Last updated: Jun 20, 2016

The summer solstice is June 20, the longest day of the year in the Northern Hemisphere. But do the extra hours of sunshine make you happier?

In general, people are more cheerful in the summertime, according to Philip Gehrman, associate director of the Behavioral Sleep Medicine Program at the University of Pennsylvania. Light serves as the strongest cue to regulate circadian rhythms, which include the sleep cycle, hormonal fluctuations and body temperature and follow a roughly 24-hour pattern.

“People tend to feel better in summer months,” Gehrman said. “There’s a slight elevation in our mood. More positive emotions are reported.”

But the effect isn’t uniform—circadian rhythms vary from person to person, so the amount and timing of sunlight means different things to different people, said Dr. Irina V. Zhdanova, a neuroscience professor at Boston University. For example, morning sunlight can irritate people who wake up late. On the other hand, for people who rise early, morning sunlight can have a positive effect, but sunlight may irritate them in the evening.

It’s similar to meal habits, Zhdanova said.

“Some like three meals a day, others like 10 small meals a day,” Zhdanova said. “Sometimes sunlight is good and uplifting during a certain time of the day, while for others, it’s neither uplifting or positive and can induce mild irritation.”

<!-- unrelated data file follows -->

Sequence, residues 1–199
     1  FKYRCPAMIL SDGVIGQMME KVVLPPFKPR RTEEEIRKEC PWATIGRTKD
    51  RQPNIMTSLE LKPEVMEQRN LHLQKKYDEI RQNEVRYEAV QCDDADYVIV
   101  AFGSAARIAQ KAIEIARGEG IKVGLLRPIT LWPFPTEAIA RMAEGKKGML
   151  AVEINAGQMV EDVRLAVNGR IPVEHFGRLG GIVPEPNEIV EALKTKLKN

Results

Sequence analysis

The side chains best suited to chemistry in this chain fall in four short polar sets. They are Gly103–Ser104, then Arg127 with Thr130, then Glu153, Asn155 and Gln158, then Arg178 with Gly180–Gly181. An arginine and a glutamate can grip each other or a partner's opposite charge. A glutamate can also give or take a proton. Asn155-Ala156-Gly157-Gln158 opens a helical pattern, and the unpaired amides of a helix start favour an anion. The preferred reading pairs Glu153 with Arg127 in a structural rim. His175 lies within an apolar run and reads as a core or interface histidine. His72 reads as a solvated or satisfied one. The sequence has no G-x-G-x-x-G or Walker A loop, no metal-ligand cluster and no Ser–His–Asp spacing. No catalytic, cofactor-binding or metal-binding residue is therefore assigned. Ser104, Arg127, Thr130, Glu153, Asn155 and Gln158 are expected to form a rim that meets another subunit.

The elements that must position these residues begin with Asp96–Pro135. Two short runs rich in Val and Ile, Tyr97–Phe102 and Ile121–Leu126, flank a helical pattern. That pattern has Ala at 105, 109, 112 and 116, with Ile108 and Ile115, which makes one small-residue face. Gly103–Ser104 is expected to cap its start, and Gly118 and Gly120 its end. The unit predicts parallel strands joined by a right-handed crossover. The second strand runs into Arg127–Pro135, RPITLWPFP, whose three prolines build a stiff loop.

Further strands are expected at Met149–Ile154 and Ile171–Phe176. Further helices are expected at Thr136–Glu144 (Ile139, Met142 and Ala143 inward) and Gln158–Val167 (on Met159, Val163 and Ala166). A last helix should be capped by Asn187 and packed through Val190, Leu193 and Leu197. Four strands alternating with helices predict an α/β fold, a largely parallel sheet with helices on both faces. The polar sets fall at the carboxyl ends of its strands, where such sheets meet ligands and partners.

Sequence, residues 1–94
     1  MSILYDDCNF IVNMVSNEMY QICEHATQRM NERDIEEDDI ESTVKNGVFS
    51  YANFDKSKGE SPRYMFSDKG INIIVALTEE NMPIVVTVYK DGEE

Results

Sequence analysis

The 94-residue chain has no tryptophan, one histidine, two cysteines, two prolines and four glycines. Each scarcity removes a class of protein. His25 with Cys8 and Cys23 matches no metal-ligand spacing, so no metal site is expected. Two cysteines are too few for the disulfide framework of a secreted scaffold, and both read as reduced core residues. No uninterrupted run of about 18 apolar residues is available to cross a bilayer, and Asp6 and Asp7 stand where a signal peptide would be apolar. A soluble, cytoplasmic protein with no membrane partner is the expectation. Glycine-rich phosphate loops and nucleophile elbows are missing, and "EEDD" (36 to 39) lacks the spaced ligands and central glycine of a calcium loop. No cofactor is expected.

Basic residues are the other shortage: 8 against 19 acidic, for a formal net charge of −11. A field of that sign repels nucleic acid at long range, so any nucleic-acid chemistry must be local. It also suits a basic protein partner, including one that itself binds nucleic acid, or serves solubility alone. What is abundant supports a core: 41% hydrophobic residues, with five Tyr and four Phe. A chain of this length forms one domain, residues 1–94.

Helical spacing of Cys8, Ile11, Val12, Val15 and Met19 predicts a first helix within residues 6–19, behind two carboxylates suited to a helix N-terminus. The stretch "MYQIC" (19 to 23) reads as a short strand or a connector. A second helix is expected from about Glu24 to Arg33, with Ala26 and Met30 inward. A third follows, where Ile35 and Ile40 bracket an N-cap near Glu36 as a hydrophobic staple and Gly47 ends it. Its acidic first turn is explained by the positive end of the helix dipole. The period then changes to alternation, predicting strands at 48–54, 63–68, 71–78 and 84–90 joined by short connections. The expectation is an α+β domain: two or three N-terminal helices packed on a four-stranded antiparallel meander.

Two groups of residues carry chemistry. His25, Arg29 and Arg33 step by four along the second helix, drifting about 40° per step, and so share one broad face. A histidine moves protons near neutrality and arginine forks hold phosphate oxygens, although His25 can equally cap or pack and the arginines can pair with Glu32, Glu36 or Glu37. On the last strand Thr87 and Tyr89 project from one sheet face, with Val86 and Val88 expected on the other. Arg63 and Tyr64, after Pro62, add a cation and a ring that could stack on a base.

The extra sunlight also entrains the circadian rhythm, a process in which the internal biological clock aligns itself to external cues, like the light-dark cycle. Now that the days are longer, in general, the circadian rhythm is entrained much better, Zhdanova said. In other words, the circadian rhythm is better aligned with natural sunlight and darkness, which can affect people’s sleep and moods.

However, Gehrman said, it is unclear whether elevated moods come from more entrained circadian rhythms and better sleep, or if the happiness boost is directly attributable to the sunlight.

On the flip side, experiencing less sunlight in the winter can pose a challenge, said Frank Scheer, director of the Medical Chronobiology Program at Brigham and Women’s Hospital.

“The lengthening or shortening of the light period during the day does have a clear effect,” Scheer said. “In wintertime, when the days are shorter, we are more likely to wake up when it’s still dark outside and before the circadian system stimulates wakefulness and improved mood.”

So, enjoy the longest day of the year while it lasts—the days will start getting shorter again from here.

This article originally appeared on Time.com.